Beware of bogus Facebook hacking tools
Posted on 08.06.2012
Bookmark and Share
Users who are in the market for tools that are supposedly able to hack someone's Facebook account should be extremely careful when being faced with such an offer.

Trend Micro's Smart Protection Network has recently unearthed a suspicious file that claims to be such a tool ("Facebook Hacker Pro"), and which obviously can come in hand only if its user has physical access to the machine of the user whose Facebook account he wants to crack.

"Based on our analysis of the setup file, it behaves like an ordinary installer that displays an end-user license agreement (EULA) and gives users the option to save the program in their preferred folder," note the researchers. "Installing the setup file drops the malicious file Toolbar.exe in the users’ temporary folder without their knowledge."

In order for the bogus cracker to "work", the user is required to enter the target's email, name or Facebook ID into it. After a few minutes, it says that a password file has been located but that in order to view it, the user must obtain a product key for the software, which costs $29.99.

If he does pay up, he will be shown some passwords:


"But how did the program obtain these? Simple: the program downloaded and used a free third party application, designed to recover and display saved passwords in the users’ local browser cache. Thus, the retrieval of the credentials will only work for users who have passwords stored in their systems," the researchers explain. "The said third party app is a legitimate password recovery, but was used maliciously in this attack."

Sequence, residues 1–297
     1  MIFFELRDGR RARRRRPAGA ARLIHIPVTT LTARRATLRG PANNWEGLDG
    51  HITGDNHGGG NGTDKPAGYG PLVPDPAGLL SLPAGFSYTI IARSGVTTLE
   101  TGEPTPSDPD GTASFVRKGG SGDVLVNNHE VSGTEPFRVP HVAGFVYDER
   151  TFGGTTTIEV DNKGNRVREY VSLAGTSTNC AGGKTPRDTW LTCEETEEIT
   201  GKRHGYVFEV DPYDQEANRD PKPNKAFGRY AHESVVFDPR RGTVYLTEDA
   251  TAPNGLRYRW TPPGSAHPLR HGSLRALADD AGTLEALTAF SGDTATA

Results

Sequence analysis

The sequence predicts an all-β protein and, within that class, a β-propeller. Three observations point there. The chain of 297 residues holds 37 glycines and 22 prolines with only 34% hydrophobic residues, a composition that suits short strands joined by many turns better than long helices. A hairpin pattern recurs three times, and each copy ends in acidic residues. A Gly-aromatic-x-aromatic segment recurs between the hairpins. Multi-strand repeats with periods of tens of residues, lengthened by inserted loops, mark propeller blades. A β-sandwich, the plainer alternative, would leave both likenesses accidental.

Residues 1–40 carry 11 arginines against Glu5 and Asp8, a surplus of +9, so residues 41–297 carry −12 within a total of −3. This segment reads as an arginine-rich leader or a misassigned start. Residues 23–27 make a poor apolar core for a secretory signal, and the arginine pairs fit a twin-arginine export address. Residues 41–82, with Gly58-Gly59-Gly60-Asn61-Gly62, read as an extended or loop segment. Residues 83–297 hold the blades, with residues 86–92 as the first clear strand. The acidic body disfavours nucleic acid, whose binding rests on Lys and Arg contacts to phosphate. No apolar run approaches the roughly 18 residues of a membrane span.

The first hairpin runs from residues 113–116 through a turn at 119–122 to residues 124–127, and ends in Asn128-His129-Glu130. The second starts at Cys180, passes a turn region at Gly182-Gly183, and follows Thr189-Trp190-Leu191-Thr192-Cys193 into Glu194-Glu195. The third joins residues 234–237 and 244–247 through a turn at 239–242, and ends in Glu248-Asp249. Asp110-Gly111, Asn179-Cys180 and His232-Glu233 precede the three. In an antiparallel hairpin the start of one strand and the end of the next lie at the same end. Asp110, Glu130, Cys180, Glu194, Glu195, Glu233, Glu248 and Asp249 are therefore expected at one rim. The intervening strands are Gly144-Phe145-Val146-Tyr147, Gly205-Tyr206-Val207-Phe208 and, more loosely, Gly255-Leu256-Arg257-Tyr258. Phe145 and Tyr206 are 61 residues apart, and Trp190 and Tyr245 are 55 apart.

Other similar offers have also been discovered, and end up with the user's machine getting infected with a keylogger.

Either way, you might say that the users who search for such tools end up getting what's coming to them.






Spotlight

Attackers use reflection techniques for larger DDoS attacks

Posted on 17 April 2014.  |  Instead of using a network of zombie computers, newer DDoS toolkits abuse Internet protocols that are available on open or vulnerable servers and devices. This approach can lead to the Internet becoming a ready-to-use botnet for malicious actors.


Weekly newsletter

Reading our newsletter every Monday will keep you up-to-date with security news.
  



Daily digest

Receive a daily digest of the latest security news.
  

DON'T
MISS

Fri, Apr 18th
    COPYRIGHT 1998-2014 BY HELP NET SECURITY.   // READ OUR PRIVACY POLICY // ABOUT US // ADVERTISE //